As I’ve noted previously, I’m done with print newspapers. For the first half of the vacation, I did a reasonably good job of staying off the laptop (and we were in another country, so I didn’t want to turn on the iPhone unless absolutely necessary). If I wanted to know what was going on in the world I had to read the print versions of the Times and Journal, both of which were available in hotel gift shops at imminent-apocalypse prices. I imagined that reading newspapers this way would feel like a luxury. Instead, compared to their younger online siblings, they felt out of date and, well, short. Aside from the immediacy you get from following news via the net, chances are you see that news as part of a larger river of information. It’s always coming at you. In comparison, reading the news in a newspaper feels limited, finite. It ends. News on the net never ends (for better or worse).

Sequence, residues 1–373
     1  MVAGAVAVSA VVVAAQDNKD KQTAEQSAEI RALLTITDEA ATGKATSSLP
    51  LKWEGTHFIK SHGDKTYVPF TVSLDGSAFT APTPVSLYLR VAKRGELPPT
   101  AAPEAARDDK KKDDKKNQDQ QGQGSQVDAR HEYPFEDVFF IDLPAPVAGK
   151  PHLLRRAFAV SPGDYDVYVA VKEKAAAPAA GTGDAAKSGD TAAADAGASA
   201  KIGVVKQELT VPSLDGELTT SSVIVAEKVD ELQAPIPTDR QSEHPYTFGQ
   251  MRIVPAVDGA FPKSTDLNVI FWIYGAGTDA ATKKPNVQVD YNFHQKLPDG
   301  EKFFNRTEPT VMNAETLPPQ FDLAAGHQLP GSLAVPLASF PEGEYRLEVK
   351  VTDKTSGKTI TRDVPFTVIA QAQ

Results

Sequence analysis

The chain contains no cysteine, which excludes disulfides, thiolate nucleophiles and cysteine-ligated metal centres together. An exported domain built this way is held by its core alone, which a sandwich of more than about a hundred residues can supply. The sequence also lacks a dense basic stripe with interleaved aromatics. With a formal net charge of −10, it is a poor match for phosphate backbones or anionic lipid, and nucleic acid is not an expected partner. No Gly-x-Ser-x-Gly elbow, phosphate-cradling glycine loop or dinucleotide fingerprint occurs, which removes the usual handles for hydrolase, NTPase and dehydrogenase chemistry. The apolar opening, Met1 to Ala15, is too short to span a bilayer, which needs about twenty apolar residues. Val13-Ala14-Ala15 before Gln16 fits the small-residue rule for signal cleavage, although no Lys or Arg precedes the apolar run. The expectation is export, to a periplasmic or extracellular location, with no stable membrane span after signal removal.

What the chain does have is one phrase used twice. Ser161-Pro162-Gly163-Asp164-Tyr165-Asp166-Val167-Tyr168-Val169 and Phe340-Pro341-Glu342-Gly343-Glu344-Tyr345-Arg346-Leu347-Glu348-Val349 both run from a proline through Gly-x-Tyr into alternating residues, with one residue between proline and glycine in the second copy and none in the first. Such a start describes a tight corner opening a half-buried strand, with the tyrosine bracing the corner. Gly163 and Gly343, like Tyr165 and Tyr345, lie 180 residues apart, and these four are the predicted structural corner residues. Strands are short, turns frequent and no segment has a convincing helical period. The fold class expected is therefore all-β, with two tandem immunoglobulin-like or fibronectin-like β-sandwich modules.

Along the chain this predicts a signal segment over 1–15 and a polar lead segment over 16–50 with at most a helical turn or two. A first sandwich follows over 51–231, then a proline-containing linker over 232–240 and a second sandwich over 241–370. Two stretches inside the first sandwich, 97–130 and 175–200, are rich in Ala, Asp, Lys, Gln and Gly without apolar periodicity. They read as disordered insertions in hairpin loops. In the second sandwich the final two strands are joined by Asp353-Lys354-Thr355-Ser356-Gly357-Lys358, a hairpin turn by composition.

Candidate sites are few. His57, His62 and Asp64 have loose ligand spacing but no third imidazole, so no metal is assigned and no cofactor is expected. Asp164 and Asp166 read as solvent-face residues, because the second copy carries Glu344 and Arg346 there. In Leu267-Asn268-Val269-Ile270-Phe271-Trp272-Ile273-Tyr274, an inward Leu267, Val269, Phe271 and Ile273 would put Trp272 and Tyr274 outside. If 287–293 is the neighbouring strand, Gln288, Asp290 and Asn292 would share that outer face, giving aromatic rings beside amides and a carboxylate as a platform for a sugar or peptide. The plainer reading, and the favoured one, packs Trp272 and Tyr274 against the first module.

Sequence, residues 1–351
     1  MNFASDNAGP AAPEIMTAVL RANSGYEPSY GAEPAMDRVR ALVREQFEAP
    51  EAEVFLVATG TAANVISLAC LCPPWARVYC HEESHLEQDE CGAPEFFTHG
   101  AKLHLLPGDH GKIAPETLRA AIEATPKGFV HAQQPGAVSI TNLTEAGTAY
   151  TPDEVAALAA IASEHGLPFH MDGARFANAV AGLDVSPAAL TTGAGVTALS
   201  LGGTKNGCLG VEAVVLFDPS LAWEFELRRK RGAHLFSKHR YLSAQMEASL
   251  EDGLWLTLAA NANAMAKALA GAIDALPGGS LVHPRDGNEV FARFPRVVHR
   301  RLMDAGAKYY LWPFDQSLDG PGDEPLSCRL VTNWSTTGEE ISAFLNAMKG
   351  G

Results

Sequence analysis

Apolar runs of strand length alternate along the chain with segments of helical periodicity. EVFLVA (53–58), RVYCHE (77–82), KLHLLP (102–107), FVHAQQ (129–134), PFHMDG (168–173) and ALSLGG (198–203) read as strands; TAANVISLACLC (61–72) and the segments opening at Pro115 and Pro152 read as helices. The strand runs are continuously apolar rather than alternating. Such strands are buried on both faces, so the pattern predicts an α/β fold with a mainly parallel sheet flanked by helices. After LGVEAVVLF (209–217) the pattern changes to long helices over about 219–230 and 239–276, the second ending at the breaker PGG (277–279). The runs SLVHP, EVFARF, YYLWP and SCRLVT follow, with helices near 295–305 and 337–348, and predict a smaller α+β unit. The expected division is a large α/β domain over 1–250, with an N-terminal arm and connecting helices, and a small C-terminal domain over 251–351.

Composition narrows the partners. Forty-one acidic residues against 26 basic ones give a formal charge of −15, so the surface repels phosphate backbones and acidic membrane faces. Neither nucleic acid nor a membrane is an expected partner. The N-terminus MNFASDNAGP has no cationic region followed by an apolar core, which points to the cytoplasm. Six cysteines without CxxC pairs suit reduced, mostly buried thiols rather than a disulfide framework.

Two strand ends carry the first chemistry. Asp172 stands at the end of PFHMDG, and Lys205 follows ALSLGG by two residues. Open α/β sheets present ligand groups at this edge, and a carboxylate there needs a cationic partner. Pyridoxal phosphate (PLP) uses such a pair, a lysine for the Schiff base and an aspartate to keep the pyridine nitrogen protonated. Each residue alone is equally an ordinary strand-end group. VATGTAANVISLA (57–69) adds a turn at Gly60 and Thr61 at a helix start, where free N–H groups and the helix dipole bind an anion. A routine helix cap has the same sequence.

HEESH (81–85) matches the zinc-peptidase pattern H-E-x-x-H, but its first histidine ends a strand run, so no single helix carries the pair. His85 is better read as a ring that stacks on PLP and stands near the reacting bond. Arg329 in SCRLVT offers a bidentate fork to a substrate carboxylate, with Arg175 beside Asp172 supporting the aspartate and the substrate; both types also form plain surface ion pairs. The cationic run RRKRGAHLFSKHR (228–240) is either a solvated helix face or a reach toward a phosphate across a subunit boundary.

Also worth looking at was the National Gallery in Ottawa. We spent two hours there. I bet we could have gone at least two days without running out of surprises. I was particularly taken by William Kurelek’s “Arriving on the Manitoba Farm,” which looks dark and formless in this image, but reveals more and more layers of detail and meaning when you have the pleasure of standing in front of it.
When you stopped in Burlington, Vt., on the way back, did you see any newspaper headlines you’d expect to see only in Burlington, Vt.?
What did you read?
Parts of Francine Prose’s Read Like a Writer (mostly zzz, but it did introduce me to this guy) and Hawthorne’s The Blithedale Romance, and (several times) my favorite Chekhov story, “The Lady with the Dog.”